The Portland Tribune’ story on UO President Mike Schill’s comments regarding the Morlok / Stokes retaliation lawsuit against UO is here. Today they’ve posted more from their Nov 11 interview with Schill, here:
FWIW, I hear the University of Nike domain name is for sale. More from the interview:
Schill says he hopes to reduce student cost and improve performance with an expansion of a program called PathwayOregon. The program offers free college to Oregon high school graduates who are eligible for federal Pell grant funds. But Schill says these low-income students need more than just money. They need academic advising and clearer paths to graduation. Schill also wants to offer completion grants to students who run out of money before they finish their degree.
“Those kids are the worst off because what ends up happening to them is they get all of the debt and none of the degree,” he says.
Schill says that in addition to hiring 80 to 100 more faculty to offer more classes, he wants to hire a “retention czar” and three or four academic advisers to “really focus with a laser beam on getting these folks to succeed.” That includes using predictive data analytics to attempt to find students who are at risk of dropping out, so when a student fails a math class or doesn’t register for a gateway class, “We’re going to send in the advising SWAT team,” Schill says. …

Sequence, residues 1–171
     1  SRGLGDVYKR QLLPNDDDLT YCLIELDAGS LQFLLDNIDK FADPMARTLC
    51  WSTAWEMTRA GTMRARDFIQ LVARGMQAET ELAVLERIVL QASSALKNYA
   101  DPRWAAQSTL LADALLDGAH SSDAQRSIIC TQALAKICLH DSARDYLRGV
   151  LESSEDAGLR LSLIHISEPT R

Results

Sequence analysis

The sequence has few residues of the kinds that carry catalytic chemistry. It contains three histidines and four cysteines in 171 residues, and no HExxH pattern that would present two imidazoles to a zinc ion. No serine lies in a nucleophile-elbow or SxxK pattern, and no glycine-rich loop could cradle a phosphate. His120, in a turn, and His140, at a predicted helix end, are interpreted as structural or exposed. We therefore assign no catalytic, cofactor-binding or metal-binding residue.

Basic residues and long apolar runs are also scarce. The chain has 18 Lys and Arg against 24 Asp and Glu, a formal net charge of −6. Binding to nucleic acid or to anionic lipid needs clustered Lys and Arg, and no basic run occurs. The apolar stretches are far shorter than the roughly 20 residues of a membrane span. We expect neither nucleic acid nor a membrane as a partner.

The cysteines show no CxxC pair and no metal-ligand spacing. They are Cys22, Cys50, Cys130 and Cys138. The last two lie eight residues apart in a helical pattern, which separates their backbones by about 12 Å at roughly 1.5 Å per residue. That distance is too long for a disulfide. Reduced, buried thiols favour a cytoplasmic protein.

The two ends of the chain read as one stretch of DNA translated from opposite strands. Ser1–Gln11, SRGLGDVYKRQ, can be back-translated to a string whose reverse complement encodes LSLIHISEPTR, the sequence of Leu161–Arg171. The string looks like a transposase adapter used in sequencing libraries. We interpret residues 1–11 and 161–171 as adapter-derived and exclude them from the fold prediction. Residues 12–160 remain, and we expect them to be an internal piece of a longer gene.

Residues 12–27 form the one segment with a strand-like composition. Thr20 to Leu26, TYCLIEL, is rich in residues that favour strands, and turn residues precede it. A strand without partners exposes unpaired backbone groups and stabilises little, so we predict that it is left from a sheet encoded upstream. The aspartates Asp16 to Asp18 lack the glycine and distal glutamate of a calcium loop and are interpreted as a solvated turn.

Oregon tax structure ‘craziness’
Schill says he worries that a fear of elitism is holding Oregonians back.
“In that case, really they hired the wrong president for the University of Oregon,” Schill says. “That is Martian to me to hear that we don’t care about excellence.”
Schill says he is angry that smaller, less expensive universities get more state money per student than the UO does. He also takes aim at Oregon’s school funding structure based on property taxes.
“It’s actually craziness,” he says. “This state is uniquely ill-suited to fund anything that’s not mandatory.”
Though the Legislature boosted funding to the seven public universities by $30 million in this biennium’s budget, the UO president says it’s still “horrible.”
“I don’t mean to sound ungrateful,” he says. “We just need to do a lot better this year.”
Schill acknowledges that he tends to speak bluntly.
“Obviously, if I get savaged in this next year, I might have some behavior modification,” he says.